Louis Gottlieb Meyer (sometimes identified as G. Meyer), son of a farmer, was interested in natural history, particularly plants, from childhood. Initially he trained as an agriculturalist, but then studied at Barmen to become a Rhenish missionary. He arrived at the Cape of Good Hope on 7 November 1894 and was sent to Komaggas, a settlement some 50 km west-south-west of Springbok in Namaqualand. He opened a shop there in 1896. At some time after 1910 he was transferred to Steinkopf, where his responsibilities included the Richtersveld. Dr H.W. Rudolf Marloth* used Meyer's mission station at Steinkopf as his headquarters on his collecting trips to Namaqualand, and they sometimes collected together. Meyer also collected on his own, sending plants to Marloth in Cape Town and to A.G.J. (Hans) Herre* at Stellenbosch. He collected insects too, which were sent to Dr H.K.C. Andreae*, Marloth's assistant, and were later incorporated in the collections of the South African Museum, Cape Town.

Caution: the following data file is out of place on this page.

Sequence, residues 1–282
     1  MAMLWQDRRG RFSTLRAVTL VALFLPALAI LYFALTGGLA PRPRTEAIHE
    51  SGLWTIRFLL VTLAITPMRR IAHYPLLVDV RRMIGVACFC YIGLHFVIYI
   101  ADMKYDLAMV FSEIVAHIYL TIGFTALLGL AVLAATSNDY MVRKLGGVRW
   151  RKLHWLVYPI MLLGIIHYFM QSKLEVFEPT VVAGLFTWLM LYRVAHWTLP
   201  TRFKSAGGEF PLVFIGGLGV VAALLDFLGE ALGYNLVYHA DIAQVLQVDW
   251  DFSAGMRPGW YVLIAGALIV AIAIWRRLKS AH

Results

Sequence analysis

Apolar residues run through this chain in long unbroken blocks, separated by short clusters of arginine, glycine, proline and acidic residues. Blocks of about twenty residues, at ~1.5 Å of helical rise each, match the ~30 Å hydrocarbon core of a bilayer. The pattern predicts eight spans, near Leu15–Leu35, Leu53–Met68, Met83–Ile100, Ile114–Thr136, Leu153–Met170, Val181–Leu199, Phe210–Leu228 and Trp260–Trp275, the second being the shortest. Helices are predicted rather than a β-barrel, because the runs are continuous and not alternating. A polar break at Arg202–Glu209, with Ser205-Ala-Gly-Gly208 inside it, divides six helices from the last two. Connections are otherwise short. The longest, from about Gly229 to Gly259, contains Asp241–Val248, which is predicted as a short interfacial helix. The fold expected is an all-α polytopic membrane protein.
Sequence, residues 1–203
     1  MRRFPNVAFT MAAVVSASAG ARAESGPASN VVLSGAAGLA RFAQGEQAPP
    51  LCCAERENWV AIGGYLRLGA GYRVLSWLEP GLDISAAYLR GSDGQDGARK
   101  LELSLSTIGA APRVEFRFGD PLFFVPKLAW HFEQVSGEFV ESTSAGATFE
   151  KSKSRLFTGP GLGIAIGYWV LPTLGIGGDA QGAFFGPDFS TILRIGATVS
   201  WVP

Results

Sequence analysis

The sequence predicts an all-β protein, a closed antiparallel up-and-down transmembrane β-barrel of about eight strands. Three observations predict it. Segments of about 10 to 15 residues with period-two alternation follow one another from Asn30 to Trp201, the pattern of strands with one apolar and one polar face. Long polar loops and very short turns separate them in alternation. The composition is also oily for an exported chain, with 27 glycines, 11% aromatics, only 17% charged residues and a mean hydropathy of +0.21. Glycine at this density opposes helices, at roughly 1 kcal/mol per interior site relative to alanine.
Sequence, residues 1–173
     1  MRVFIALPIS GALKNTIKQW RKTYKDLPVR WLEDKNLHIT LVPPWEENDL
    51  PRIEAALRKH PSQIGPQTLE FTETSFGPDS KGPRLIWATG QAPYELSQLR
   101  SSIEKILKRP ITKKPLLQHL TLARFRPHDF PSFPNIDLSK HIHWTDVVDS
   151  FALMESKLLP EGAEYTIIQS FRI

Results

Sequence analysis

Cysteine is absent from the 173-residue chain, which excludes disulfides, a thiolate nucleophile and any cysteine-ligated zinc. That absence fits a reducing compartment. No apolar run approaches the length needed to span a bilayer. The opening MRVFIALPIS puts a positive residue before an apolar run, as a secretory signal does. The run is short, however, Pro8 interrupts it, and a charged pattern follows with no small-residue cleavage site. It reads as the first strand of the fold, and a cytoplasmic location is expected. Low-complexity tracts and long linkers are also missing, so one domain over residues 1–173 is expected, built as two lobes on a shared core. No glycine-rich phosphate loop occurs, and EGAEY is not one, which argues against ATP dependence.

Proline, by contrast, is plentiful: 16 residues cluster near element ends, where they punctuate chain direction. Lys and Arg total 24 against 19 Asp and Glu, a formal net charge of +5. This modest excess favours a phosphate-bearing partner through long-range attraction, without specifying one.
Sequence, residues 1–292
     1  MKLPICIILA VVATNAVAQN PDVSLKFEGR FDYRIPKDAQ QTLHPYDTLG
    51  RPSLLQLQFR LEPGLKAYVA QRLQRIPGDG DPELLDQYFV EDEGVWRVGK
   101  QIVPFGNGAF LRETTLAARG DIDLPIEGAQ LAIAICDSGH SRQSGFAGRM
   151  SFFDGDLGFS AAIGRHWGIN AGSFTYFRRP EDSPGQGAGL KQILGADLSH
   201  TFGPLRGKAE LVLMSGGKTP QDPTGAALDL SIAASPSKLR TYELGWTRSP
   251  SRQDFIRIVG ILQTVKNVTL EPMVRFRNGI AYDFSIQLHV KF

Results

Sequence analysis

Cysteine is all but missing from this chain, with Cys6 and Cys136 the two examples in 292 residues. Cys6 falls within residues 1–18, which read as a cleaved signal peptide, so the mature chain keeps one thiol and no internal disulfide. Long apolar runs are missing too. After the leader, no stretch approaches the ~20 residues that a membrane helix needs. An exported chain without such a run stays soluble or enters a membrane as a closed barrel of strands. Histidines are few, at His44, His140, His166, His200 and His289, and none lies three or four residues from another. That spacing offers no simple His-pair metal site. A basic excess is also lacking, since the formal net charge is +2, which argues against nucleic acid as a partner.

Meyer was interned at Pietermaritzburg for some time during World War I (1914-1918). In 1919 he returned to Steinkopf, where he stayed until his retirement in 1934. He was the last Rhenish missionary to work at Komaggas, and also the last to work at Steinkopf. After his retirement he settled at Stellenbosch. He studied the early history of missions in Namaqualand and published this work as a booklet entitled Uit die verre noordweste (From the distant north-west).
The plant genus Meyerophytum (by G. Schwantes) and a number of species were named after him. His specimens are in the Compton Herbarium, Cape Town, the National Herbarium, Pretoria, and the Bolus Herbarium, University of Cape Town. Meyer was accompanied on many of his collecting trips by his wife, Anna Bertha Luise (born Olpp), born at Gibeon, Namibia, on 1 June 1873. Her father, Johannes Olpp, was a pioneer missionary who settled in Namibia in 1868. The species Conophytum meyerae and Ruschia meyerae were named after her by Schwantes, though both type plants were attributed to Reverend G. Meyer. Luise died at Stellenbosch on 23 March 1956. They had seven children.
An unmarried daughter of Reverend Meyer and his wife, Luise Pauline Marie, born at Komaggas on 15 October 1905, also sometimes accompanied her parents on collecting trips. The species Conophytum luisae was named after her by Schwantes. A son, Helmut Ernst, born at Komaggas on 8 November 1908, became a horticulturalist at Stellenbosch.